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Explainer Politics

Replay Special Counsel Robert Mueller's testimony to Congress on Russia and Trump

Mueller is discussing his report on Russian interference in the 2016 election, as well as his investigation into whether President Donald Trump obstructed justice.

Congress is holding two hearings Wednesday in which it will question Robert Mueller, the former FBI head who was appointed two years ago to investigate Russian interference in the 2016 presidential election. Mueller also investigated accusations that President Donald Trump obstructed justice.

His team's findings were compiled into a nearly 500-page report, which was released to the public in April. The Mueller report included details on the 34 indictments brought during the probe against people ranging from Russian propagandists to Trump's former campaign manager, Paul Manafort. It also confirmed many earlier media reports detailing Trump's attempts to either fire Mueller or influence key people being investigated.

US-politics-investigation-Mueller

A television screen shows Special Counsel Robert Mueller as he gives a press conference at the Department of Justice.

Getty Images

Mueller's team concluded there was "insufficient evidence" to determine whether Trump or his aides engaged in a criminal conspiracy with the Russians. But they also declined to clear the president of obstruction of justice. "If we had confidence after a thorough investigation of the facts that the president clearly did not commit obstruction of justice, we would so state," the report read. "Based on the facts and the applicable legal standards, however, we are unable to reach that judgment."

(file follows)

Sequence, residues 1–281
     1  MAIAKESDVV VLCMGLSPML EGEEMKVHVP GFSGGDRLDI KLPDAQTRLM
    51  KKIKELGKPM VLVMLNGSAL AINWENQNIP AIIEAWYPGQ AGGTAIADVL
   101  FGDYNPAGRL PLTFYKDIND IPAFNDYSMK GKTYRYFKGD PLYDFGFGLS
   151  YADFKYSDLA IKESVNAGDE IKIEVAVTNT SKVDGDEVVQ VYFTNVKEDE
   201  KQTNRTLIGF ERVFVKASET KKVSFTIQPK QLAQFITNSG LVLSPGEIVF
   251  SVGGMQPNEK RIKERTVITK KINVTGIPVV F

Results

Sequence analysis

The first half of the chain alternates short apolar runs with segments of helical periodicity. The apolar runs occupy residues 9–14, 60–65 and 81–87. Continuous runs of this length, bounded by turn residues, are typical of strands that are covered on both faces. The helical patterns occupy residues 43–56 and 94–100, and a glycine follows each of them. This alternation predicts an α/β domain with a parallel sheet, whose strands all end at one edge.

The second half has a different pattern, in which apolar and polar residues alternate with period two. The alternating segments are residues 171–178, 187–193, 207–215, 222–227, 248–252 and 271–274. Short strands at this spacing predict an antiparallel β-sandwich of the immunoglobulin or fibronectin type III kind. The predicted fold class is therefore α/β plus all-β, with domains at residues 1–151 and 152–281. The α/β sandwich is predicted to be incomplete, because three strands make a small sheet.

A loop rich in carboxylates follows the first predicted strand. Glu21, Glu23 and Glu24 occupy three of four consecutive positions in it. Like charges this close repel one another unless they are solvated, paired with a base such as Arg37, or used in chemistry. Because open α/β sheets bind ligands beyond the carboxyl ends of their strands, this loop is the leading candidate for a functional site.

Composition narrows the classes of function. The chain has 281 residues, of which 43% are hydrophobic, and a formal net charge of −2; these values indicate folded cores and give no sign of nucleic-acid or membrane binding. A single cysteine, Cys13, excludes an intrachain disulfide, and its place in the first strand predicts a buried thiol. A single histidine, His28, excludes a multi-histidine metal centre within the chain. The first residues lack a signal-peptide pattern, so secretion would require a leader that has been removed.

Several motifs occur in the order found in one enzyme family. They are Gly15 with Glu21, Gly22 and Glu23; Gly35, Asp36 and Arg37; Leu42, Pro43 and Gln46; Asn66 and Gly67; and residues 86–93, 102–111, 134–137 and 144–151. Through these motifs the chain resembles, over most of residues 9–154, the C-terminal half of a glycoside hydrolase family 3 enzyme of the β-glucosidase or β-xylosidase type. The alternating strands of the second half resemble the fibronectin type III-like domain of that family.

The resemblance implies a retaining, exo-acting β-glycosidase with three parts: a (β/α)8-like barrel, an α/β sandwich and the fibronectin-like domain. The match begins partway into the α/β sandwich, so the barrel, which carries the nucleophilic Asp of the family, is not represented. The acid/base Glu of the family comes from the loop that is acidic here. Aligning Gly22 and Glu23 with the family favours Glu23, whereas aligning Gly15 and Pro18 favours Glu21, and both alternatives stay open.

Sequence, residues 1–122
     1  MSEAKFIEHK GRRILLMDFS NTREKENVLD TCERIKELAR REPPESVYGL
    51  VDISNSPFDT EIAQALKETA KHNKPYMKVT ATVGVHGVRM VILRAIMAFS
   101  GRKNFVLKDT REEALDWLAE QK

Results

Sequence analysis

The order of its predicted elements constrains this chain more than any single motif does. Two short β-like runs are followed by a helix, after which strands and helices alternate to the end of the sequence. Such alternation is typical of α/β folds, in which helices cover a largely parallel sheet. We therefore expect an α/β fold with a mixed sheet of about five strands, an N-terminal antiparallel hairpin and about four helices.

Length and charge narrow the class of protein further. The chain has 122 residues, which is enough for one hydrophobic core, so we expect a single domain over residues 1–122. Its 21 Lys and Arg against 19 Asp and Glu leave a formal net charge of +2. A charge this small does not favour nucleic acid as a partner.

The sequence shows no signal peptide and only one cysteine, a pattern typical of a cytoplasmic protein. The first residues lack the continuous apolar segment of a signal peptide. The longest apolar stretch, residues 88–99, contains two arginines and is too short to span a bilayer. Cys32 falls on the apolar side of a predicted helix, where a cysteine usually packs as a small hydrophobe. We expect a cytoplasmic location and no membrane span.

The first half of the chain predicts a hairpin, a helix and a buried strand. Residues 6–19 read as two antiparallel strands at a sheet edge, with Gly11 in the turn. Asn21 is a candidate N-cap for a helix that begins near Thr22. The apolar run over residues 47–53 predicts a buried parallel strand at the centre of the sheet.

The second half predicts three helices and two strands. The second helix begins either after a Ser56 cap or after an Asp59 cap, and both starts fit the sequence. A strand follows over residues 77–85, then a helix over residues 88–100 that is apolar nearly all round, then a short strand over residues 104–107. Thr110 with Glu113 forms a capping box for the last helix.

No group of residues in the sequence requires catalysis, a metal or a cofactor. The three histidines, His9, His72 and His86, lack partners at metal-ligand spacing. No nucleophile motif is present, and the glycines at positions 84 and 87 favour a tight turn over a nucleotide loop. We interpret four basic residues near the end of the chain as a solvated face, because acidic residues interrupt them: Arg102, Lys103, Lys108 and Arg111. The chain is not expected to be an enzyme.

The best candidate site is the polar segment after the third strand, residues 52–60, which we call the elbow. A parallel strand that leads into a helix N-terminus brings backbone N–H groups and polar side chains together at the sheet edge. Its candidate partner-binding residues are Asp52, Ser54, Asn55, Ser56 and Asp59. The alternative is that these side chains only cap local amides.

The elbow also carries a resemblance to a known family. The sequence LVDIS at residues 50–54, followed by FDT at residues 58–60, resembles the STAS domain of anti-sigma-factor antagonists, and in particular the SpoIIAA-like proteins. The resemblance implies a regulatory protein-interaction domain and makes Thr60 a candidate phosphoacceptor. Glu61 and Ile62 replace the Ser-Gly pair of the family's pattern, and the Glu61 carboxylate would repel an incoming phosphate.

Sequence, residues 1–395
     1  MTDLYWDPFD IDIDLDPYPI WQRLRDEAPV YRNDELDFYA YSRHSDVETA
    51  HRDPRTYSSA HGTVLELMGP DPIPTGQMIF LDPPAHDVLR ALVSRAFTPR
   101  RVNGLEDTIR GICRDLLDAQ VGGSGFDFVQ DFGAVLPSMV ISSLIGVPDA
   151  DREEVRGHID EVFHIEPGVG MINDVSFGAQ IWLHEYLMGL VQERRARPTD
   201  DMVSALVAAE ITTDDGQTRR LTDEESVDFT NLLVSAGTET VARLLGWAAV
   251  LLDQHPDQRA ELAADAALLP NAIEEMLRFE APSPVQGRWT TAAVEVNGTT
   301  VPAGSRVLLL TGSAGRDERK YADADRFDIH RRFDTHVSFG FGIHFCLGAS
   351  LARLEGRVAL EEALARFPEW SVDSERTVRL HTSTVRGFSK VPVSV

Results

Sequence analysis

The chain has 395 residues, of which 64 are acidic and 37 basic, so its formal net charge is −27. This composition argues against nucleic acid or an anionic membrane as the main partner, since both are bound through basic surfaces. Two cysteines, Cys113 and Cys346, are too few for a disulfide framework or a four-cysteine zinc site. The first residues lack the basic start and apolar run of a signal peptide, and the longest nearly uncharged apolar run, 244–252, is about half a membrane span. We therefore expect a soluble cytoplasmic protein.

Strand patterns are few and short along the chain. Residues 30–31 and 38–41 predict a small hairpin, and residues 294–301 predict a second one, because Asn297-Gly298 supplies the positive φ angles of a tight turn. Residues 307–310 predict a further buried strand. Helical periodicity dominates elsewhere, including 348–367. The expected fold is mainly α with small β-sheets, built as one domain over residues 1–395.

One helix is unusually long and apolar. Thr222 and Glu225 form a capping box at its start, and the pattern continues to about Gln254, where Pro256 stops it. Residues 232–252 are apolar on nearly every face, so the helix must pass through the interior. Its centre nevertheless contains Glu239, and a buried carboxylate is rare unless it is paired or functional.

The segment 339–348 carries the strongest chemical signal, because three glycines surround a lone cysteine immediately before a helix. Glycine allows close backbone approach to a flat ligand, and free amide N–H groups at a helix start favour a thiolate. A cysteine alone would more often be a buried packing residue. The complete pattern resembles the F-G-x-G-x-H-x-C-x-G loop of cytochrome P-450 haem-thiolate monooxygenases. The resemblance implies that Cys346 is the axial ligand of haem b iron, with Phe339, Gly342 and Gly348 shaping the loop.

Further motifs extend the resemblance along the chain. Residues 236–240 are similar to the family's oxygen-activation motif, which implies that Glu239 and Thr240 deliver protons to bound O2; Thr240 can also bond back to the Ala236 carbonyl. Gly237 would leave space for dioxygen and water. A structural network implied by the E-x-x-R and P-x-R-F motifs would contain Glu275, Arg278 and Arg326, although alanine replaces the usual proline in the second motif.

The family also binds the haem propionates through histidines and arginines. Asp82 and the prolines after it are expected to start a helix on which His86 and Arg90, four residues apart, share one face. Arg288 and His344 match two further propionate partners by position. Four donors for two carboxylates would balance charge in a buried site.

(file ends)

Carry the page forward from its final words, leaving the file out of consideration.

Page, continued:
Now, three months after the Department of Justice released Mueller's report to the public, Congress intends to question him about the team's findings. 

"We want Bob Mueller to bring it to life, to talk about what's in that report," said Rep. Adam Schiff, a Democrat from California and chairman of the House Intelligence Committee, during an interview on CBS' Face the Nation. "That's a pretty damning set of facts that most American people are not familiar with."

The back-to-back hearings held by the House Judiciary Committee and the House Intelligence Committee mark the second time Mueller has discussed the investigation in public since its release. In May, he spoke briefly at a press conference marking the conclusion of his investigation, repeating many of his team's findings. He also reiterated that if it were clear the president committed no crime, "we would have said so." 

"Any testimony from this office would not go beyond our report. It contains our findings and analysis, and the reasons for the decisions we made. We chose those words carefully, and the work speaks for itself," he added.

When

The hearings are scheduled for three hours each, with a 30-minute break in between the two. The first hearing with the House Judiciary Committee began at 5:30 a.m. PT (8:30 a.m. ET). The second, with the House Intelligence Committee, was scheduled to begin at 9 a.m. PT (noon ET), but will begin a little later because the first hearing ran over.

Where

There is wall-to-wall coverage.  ABC, NBC and CBS (which owns CNET) are airing some or all of the hearings live, as are cable news networks. CBSN is also streaming the hearings live on its website.

C-Span will also be broadcasting and streaming the hearings live.

If you'd prefer to stream the hearings on YouTube, you can catch them there too. Both the House Judiciary Committee and House Intelligence Committee have plans to stream their hearings live there. 

What we can expect

Mueller has indicated he doesn't intend to answer questions beyond the substance of his report, a redacted version of which was released to Congress and the public in April. 

That won't stop lawmakers from pressing for more answers, however. Democrats are facing increasing pressure from within their caucus to begin impeachment proceedings against Trump. Republicans, meanwhile, have largely supported Trump.

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